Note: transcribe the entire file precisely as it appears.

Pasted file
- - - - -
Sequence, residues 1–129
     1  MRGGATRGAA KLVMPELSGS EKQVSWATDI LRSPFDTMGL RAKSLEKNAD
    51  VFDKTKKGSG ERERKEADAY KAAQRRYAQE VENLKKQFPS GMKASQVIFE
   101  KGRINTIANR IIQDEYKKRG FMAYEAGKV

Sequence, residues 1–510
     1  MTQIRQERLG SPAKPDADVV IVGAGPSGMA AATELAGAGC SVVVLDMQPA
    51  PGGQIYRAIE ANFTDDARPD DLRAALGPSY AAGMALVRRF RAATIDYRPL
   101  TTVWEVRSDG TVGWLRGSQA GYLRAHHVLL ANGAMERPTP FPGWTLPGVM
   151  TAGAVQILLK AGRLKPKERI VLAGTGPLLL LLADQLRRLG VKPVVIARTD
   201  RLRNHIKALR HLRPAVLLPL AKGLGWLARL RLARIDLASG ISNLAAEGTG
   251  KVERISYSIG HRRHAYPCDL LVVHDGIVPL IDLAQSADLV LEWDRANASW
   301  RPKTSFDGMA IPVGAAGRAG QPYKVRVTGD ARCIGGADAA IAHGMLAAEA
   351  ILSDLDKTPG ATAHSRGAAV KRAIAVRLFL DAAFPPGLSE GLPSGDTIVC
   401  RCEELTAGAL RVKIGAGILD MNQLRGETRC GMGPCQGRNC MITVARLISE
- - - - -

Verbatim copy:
Sequence, residues 1–129
     1  MRGGATRGAA KLVMPELSGS EKQVSWATDI LRSPFDTMGL RAKSLEKNAD
    51  VFDKTKKGSG ERERKEADAY KAAQRRYAQE VENLKKQFPS GMKASQVIFE
   101  KGRINTIANR IIQDEYKKRG FMAYEAGKV

Sequence, residues 1–510
     1  MTQIRQERLG SPAKPDADVV IVGAGPSGMA AATELAGAGC SVVVLDMQPA
    51  PGGQIYRAIE ANFTDDARPD DLRAALGPSY AAGMALVRRF RAATIDYRPL
   101  TTVWEVRSDG TVGWLRGSQA GYLRAHHVLL ANGAMERPTP FPGWTLPGVM
   151  TAGAVQILLK AGRLKPKERI VLAGTGPLLL LLADQLRRLG VKPVVIARTD
   201  RLRNHIKALR HLRPAVLLPL AKGLGWLARL RLARIDLASG ISNLAAEGTG
   251  KVERISYSIG HRRHAYPCDL LVVHDGIVPL IDLAQSADLV LEWDRANASW
   301  RPKTSFDGMA IPVGAAGRAG QPYKVRVTGD ARCIGGADAA IAHGMLAAEA
   351  ILSDLDKTPG ATAHSRGAAV KRAIAVRLFL DAAFPPGLSE GLPSGDTIVC
   401  RCEELTAGAL RVKIGAGILD MNQLRGETRC GMGPCQGRNC MITVARLISE